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Facts and Logic About the Middle East

September 19, 2017

Call Your Senators: It's Time to Stop U.S. Payments for Palestinian Terror—Pass the Taylor Force Act

Dear Friend of FLAME:

You and I have a real opportunity to help pass critical legislation that will help the United States, help Israel and ultimately help the Palestinian Authority (P.A.), though they would never admit it.

It's called the Taylor Force Act, and it's scheduled to come up for a vote soon in the U.S. Senate. Here's the quick background:

You've read here and on FLAME's website about the Palestinian Authority's practice of financially rewarding Palestinian Arab terrorists who attack and murder innocent Israelis and other non-Muslims.

You probably recall the terrorist murder in Jaffa, just outside of Tel Aviv, of Taylor Force, a U.S. citizen and West Point graduate who was strolling with his wife on a vacation in Israel.

The Palestinian who killed Taylor Force is now receiving a salary—paid by the Palestinian Authority (via the PLO)—that is several times that of the average Palestinian worker.

Over the past four years, the P.A. has paid more than $1 billion to support terrorists and their families—about $250 million a year. Some unemployed Palestinians have admitted to committing or trying to commit terrorist murders expressly for the purpose of gaining a P.A. terrorist's pension. The worse the crime committed by the terrorist, the greater his compensation via the P.A.'s "Martyr's Fund."

Worst of all, our taxpayer dollars subsidize this pay-for-slay policy. Each year, the U.S. sends $350 million in foreign aid directly to the Palestinian Authority and another $95 million that is funneled through U.N. agencies—that's about $450 million a year.

In August, the Senate Foreign Relations Committee approved—by a vote of 17-4—the Taylor Force Act, which would cut U.S. aid to the Palestinians in the amount the P.A. pays out in terrorist salaries. Most importantly, Senate Minority Leader Chuck Schumer and President Trump support the act.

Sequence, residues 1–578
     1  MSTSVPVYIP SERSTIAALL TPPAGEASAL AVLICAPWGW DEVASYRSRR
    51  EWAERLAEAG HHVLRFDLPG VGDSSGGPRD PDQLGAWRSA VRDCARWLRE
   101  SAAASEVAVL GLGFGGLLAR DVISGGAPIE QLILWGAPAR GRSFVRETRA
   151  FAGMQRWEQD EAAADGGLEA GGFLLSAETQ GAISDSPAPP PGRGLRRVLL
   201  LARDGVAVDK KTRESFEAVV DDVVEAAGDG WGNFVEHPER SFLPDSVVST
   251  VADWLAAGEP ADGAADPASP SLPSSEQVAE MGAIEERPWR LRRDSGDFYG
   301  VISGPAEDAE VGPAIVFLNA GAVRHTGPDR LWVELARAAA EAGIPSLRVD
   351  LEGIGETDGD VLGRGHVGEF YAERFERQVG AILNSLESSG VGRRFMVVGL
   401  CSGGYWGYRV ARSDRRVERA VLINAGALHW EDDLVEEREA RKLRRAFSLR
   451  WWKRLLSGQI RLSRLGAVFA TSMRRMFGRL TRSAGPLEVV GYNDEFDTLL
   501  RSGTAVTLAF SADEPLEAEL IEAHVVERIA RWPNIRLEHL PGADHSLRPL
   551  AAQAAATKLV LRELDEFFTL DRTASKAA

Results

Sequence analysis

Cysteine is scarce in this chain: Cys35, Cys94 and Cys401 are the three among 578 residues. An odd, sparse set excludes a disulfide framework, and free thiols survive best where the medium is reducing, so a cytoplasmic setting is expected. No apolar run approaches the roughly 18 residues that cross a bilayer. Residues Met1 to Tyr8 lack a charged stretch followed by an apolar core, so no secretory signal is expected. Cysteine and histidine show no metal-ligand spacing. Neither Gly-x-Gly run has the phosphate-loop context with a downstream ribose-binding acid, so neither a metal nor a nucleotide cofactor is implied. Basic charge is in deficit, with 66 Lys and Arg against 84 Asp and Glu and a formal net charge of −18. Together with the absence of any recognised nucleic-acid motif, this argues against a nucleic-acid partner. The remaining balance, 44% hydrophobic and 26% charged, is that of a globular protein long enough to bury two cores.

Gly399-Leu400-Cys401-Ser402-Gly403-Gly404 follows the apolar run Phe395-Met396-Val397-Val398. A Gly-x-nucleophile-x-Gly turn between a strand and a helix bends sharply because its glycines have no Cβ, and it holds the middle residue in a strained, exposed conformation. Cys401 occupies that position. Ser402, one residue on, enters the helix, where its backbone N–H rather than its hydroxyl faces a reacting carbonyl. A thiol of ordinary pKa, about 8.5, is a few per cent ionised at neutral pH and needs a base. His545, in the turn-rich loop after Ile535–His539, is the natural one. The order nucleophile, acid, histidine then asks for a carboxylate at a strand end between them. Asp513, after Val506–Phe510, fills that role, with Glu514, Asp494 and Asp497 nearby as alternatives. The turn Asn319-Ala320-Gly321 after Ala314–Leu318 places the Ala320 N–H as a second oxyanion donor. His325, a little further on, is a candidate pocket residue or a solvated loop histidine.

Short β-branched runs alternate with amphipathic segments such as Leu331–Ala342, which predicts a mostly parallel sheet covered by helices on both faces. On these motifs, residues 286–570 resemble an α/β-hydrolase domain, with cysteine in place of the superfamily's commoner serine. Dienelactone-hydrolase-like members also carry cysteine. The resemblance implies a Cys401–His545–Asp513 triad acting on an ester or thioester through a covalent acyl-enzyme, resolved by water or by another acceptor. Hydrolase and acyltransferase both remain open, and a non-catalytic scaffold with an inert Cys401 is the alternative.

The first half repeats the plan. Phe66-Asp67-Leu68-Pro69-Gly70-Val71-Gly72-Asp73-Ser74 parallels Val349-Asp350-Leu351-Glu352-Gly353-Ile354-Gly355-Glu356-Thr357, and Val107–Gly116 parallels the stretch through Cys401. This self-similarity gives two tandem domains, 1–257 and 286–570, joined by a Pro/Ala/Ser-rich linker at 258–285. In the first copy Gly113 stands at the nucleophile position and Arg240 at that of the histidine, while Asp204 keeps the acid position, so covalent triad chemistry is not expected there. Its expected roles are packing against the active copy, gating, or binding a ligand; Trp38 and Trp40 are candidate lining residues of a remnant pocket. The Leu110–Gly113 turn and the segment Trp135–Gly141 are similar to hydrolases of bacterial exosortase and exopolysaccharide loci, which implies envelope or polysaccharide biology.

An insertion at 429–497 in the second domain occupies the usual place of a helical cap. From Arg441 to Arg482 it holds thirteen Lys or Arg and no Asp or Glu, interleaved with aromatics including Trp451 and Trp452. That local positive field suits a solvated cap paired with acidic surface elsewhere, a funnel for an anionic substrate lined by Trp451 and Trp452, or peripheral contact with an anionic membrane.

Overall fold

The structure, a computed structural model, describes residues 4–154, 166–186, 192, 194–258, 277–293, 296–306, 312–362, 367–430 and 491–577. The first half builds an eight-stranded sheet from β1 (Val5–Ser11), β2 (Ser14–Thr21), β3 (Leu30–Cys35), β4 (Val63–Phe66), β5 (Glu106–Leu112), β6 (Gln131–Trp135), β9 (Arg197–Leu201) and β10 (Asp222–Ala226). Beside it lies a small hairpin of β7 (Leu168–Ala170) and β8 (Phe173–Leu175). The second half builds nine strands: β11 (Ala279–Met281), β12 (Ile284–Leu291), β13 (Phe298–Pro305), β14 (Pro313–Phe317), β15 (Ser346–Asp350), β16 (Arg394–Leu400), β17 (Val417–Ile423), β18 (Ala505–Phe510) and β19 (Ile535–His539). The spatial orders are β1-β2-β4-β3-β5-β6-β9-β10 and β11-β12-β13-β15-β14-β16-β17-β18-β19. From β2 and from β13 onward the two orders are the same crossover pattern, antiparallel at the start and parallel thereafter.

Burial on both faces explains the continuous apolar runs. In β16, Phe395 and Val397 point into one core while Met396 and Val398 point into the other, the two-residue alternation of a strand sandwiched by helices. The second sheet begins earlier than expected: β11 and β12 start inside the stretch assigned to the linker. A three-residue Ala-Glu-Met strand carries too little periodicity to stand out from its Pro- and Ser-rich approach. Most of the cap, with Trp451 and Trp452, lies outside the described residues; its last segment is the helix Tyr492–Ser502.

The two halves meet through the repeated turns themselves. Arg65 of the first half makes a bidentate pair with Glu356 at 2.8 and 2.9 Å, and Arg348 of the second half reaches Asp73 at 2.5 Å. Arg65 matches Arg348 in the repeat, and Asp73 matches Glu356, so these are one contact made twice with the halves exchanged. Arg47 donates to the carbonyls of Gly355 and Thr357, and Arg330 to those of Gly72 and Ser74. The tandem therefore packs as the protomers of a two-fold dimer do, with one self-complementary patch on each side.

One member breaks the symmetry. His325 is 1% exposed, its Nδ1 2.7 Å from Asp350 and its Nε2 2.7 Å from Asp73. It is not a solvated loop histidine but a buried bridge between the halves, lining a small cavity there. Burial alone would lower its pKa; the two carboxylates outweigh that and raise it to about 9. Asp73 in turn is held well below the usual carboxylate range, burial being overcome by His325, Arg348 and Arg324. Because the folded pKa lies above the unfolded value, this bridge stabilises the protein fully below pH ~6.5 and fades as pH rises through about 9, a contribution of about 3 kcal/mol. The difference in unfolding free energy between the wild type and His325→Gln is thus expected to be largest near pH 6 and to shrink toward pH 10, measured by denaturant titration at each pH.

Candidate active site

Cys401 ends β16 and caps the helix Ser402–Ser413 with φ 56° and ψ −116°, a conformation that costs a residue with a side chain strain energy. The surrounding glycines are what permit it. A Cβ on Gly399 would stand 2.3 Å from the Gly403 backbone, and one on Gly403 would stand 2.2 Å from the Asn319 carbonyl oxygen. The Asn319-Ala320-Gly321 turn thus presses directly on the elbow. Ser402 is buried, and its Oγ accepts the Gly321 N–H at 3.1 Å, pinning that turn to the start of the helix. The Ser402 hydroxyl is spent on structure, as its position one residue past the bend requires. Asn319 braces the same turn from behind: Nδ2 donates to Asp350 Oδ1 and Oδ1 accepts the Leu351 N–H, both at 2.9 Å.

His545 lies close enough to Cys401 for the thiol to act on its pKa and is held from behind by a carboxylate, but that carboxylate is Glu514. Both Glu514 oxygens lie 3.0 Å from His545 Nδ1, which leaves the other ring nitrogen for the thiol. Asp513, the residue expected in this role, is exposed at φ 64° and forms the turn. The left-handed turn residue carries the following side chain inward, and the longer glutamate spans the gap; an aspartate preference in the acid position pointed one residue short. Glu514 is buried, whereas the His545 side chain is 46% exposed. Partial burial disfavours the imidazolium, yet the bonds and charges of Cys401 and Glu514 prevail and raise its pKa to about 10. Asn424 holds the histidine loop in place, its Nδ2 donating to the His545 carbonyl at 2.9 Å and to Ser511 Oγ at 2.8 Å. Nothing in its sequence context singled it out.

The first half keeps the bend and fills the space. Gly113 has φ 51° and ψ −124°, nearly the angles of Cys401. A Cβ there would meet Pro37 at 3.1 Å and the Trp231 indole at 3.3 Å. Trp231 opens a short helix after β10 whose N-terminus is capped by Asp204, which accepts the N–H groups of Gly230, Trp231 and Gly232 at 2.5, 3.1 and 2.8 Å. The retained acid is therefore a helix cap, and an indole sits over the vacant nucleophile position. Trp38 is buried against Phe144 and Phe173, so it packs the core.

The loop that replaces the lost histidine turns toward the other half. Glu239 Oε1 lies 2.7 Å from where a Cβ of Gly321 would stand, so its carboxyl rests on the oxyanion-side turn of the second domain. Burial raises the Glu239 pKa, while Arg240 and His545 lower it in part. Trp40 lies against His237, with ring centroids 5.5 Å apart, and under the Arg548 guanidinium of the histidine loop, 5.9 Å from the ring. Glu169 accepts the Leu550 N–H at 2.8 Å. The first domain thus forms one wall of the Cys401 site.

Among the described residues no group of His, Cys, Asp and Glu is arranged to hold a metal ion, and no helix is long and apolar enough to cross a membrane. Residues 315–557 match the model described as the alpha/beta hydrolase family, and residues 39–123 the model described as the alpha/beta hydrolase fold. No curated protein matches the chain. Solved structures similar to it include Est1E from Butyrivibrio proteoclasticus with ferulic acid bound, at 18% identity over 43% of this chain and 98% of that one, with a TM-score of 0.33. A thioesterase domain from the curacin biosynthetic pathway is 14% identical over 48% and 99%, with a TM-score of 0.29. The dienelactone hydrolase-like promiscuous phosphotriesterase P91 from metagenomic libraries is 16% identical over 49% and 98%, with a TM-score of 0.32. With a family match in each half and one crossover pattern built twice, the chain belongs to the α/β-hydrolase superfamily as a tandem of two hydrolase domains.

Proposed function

Now it's time for us to reach out to our U.S. Senators and strongly urge them to vote for the Taylor Force. We don't want the final vote to be a squeaker—it must have strong support from both parties. I'll make it easy for you to help ensure that in a moment.

In the meantime, let me direct you to two resources in this FLAME Hotline. First, please review this week's Hotline featured article, below, by Elliott Abrams, Senior Fellow for Middle Eastern Studies at the Council on Foreign Relations. This transcript of Abram's testimony before the Senate Foreign Relations Committee in July gives you great background on why this legislation must be passed.

Second, I hope you'll also quickly review the P.S. immediately below, which describes FLAME's long-running hasbarah campaign to stop the U.S. Congress from funding Palestinian terrorism. (We've been on this issue for more than six months.)

Third, please email and call your U.S. Senator immediately—do it right now, if possible—to encourage their vote for the Taylor Force Act when it comes up for a vote. Go right now to the U.S. Senate directory and choose your state: Your Senators, as well as their email address and phone numbers will appear. Please use both—it's one thing you can do to support Israel now.

Best regards,

Jim Sinkinson
President, Facts and Logic About the Middle East (FLAME)


Did you know: By subsidizing the corrupt Palestinian Authority (P.A.) with aid of some $450 million taxpayer dollars a year, the U.S. is also funding the P.A.'s program of paying salaries to Palestinian terrorists who have killed innocent Americans and Israelis? In order to make Americans—especially college and university students—aware of this Palestinian practice of rewarding jihadi assailants and murderers with U.S. funds, FLAME has recently been publishing a new position paper: " U.S. Funds Palestinian Terrorism " This paid editorial has appeared in magazines and newspapers, including college newspapers, with a combined readership of some 10 million people. In addition, it is being sent to every member of the U.S. Congress and President Trump. If you agree that this kind of public relations effort on Israel's behalf is critical, I urge you to support us. Remember: FLAME's powerful ability to influence public opinion—and U.S. support of Israel—comes from individuals like you, one by one. I hope you'll consider giving a donation now, as you're able—with $500, $250, $100, or even $18. (Remember, your donation to FLAME is tax deductible.) To donate online, just go to donate now . Now more than ever we need your support to ensure that the American people and the U.S. Congress end our support of blatantly anti-Semitic, global jihadist organizations.

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Consideration of the Taylor Force Act

By Elliott Abrams, Before the Committee on Foreign Relations, United States Senate